As genealogists, we love maps. They’re such a helpful way to show a client where an ancestor was living, especially if the ancestor lived near the border of another town or county, which can affect what records need to be searched.
Here are some great resources for maps:
We love http://mapofus.org. When you click on a state and scroll down, you get to a section that shows county boundaries by year. For example, here’s Tennessee in 1801:
Isn’t it great to see what your ancestor really bordered when the 1800 census was taken?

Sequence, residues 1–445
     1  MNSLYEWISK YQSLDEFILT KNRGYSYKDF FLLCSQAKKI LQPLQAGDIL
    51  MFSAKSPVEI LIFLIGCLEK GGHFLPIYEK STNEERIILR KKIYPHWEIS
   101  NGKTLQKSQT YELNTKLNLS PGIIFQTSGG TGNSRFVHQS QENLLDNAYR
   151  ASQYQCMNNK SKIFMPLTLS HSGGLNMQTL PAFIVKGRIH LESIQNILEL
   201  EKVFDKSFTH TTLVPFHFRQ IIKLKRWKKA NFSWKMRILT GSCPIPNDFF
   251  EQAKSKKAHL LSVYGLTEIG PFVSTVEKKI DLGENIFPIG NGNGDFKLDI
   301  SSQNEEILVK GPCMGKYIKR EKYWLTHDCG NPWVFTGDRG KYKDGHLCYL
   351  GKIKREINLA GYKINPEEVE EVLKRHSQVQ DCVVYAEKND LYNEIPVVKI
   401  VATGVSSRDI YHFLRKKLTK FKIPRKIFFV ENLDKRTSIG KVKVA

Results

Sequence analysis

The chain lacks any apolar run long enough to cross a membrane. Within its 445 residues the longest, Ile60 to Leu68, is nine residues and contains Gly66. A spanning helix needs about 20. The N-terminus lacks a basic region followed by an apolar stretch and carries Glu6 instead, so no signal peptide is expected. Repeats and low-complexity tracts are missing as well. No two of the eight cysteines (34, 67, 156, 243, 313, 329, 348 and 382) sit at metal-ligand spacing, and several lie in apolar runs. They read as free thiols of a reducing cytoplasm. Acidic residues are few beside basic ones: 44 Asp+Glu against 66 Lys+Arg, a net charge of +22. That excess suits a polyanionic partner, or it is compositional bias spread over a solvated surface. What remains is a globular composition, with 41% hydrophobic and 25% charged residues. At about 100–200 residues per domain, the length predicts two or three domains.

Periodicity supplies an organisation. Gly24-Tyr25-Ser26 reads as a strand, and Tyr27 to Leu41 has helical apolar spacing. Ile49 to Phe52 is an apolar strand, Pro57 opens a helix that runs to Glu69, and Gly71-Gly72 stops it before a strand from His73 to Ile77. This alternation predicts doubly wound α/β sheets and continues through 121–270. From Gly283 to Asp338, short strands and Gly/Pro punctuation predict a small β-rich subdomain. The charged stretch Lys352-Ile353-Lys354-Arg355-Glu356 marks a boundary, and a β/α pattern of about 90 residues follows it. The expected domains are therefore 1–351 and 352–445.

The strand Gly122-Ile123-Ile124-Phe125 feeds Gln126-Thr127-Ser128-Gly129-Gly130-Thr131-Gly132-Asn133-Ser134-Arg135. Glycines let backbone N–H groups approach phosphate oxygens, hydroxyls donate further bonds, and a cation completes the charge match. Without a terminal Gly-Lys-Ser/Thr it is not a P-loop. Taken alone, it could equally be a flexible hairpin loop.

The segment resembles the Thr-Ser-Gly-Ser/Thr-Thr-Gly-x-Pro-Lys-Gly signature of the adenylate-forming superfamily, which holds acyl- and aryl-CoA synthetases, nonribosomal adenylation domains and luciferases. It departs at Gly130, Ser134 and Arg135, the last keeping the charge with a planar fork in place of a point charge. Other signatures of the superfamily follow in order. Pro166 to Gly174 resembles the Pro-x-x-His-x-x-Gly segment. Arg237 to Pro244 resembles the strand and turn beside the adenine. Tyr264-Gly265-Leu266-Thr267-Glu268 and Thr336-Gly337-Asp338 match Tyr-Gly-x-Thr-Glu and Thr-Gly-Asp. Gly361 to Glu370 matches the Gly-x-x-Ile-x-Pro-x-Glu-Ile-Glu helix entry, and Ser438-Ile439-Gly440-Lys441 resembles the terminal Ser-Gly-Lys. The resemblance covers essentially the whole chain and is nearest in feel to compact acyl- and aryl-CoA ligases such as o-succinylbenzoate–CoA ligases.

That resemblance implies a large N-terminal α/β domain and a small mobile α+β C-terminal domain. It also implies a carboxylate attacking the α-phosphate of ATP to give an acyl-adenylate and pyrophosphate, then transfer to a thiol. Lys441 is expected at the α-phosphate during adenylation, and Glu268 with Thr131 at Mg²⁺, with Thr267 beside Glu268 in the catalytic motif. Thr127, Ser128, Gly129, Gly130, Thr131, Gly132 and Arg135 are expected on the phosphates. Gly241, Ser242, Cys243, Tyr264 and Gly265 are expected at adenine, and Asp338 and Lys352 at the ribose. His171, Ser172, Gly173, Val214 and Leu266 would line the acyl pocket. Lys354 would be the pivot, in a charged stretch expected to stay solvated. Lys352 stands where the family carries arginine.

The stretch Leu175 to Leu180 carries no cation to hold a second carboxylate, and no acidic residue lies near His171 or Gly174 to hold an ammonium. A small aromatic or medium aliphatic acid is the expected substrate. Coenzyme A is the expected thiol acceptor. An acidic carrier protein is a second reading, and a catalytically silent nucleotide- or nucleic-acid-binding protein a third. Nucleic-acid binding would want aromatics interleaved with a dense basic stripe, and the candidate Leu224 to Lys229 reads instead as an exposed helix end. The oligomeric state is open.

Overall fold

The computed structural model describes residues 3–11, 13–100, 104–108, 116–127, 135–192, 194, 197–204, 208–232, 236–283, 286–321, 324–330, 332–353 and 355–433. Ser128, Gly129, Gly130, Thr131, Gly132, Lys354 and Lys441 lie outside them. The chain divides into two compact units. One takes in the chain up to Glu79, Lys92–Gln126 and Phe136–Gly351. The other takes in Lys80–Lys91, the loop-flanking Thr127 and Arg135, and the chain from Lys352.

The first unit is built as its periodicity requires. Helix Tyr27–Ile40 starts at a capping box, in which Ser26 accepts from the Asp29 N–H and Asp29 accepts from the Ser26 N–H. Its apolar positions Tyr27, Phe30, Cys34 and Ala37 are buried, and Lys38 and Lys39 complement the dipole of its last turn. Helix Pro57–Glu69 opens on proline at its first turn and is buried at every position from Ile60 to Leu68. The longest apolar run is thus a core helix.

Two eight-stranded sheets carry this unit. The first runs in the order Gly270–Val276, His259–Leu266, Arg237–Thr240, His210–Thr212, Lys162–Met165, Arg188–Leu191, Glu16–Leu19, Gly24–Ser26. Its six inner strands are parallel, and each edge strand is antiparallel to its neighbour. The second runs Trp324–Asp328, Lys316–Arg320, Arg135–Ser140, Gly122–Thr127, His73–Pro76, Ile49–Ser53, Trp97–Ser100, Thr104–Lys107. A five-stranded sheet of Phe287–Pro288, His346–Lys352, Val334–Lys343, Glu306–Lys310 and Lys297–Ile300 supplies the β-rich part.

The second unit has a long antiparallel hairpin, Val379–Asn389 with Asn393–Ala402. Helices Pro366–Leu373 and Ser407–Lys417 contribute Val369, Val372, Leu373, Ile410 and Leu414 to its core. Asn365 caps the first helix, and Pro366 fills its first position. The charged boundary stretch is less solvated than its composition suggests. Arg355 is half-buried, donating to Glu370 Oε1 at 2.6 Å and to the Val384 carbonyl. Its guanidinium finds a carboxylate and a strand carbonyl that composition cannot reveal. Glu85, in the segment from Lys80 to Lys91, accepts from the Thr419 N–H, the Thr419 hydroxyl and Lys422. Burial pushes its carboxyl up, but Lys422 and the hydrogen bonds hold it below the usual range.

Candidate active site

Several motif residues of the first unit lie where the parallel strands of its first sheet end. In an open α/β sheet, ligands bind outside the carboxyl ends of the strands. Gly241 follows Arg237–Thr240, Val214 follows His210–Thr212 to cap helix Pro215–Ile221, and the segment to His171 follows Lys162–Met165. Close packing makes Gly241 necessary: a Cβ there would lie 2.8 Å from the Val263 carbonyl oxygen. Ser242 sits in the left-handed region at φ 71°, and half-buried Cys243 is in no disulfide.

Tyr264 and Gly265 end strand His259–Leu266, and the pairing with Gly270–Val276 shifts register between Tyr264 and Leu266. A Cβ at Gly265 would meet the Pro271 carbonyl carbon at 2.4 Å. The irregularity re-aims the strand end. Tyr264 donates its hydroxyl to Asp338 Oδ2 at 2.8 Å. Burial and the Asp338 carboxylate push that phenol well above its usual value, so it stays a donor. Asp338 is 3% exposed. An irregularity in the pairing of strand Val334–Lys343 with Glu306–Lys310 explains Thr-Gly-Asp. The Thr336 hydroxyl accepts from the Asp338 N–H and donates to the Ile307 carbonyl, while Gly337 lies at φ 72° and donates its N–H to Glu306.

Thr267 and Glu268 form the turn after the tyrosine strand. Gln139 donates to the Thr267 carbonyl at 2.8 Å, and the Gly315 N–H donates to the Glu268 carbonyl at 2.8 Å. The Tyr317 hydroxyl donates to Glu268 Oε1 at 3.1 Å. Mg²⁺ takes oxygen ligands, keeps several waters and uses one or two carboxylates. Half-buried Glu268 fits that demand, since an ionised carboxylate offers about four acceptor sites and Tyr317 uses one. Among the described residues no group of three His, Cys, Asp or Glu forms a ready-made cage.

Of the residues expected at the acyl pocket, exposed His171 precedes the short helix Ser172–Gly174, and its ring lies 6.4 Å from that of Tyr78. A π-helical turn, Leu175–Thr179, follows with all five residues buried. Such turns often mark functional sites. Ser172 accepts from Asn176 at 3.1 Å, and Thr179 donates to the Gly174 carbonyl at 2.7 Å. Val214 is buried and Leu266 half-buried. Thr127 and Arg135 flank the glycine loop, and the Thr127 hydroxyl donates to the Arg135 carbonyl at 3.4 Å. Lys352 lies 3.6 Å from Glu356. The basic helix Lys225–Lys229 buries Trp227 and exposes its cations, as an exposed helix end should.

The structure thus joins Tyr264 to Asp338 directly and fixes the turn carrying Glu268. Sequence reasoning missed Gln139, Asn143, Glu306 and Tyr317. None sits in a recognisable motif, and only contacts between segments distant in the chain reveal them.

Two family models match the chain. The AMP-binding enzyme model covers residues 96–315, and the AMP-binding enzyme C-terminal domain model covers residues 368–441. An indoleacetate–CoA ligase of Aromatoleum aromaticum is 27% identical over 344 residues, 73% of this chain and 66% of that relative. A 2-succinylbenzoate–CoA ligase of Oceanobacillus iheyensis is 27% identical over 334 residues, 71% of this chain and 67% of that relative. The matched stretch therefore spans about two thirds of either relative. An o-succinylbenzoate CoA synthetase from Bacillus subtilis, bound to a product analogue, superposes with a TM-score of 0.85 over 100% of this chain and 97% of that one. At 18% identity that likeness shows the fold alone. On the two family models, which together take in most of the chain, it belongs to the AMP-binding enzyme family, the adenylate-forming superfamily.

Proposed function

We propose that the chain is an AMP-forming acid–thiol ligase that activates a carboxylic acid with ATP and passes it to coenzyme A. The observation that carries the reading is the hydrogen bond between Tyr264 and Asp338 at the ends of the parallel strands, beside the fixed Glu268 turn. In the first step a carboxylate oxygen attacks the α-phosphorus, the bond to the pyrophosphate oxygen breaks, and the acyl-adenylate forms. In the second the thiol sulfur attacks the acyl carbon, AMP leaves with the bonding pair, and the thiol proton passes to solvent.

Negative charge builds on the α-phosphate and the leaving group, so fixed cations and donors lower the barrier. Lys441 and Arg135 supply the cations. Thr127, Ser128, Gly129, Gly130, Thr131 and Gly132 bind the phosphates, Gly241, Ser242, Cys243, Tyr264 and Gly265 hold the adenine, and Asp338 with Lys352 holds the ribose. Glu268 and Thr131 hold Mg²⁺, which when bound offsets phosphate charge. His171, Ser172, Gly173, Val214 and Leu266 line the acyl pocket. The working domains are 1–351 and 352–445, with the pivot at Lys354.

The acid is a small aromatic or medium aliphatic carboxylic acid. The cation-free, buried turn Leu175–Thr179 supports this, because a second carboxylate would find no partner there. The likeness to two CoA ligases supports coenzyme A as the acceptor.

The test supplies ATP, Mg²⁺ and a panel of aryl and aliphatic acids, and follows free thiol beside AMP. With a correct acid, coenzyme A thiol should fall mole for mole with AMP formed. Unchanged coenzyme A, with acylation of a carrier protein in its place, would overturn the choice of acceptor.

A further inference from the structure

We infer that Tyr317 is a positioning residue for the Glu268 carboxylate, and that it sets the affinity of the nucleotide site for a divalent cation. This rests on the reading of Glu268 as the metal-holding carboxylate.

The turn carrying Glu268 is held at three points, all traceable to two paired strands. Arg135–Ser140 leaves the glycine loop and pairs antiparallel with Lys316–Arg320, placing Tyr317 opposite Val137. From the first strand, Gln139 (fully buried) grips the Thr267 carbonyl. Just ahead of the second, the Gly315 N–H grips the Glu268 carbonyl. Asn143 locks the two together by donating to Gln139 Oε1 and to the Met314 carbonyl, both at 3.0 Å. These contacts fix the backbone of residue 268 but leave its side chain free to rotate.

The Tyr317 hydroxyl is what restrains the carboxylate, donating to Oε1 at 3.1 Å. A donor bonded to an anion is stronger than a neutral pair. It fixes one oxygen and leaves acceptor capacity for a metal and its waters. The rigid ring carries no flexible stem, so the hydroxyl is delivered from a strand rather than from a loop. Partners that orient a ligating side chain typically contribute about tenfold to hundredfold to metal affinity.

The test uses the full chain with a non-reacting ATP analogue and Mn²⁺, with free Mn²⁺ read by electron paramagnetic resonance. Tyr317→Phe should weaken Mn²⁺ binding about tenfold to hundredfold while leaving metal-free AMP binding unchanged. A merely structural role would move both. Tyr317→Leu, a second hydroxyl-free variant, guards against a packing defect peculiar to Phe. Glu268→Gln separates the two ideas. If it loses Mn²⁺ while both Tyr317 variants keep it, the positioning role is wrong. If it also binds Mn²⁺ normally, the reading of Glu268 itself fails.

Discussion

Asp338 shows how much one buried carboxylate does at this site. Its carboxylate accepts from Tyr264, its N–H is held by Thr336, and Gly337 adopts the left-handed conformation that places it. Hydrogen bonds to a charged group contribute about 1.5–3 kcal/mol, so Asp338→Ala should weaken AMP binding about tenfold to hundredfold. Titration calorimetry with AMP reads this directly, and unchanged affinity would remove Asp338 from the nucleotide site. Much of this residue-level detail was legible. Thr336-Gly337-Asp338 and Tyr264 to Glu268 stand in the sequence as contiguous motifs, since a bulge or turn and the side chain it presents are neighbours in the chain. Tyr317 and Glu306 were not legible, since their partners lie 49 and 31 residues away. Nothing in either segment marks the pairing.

Another huge map collection is at http://www.davidrumsey.com. Here’s a 1796 sketched map of Tennessee:
We also love plat maps. Finding these means finding a goldmine of information because you get to better understand who your ancestor’s neighbors were and really start to visualize where they lived. These can be very valuable in solving migration or immigration problems, since people often traveled with neighbors.
Here’s a look at an early plat map:
Ancestry.com has indexed a huge collection of plat maps. Their database is called U.S., Indexed Early Land Ownership and Township Plats, 1785-1898.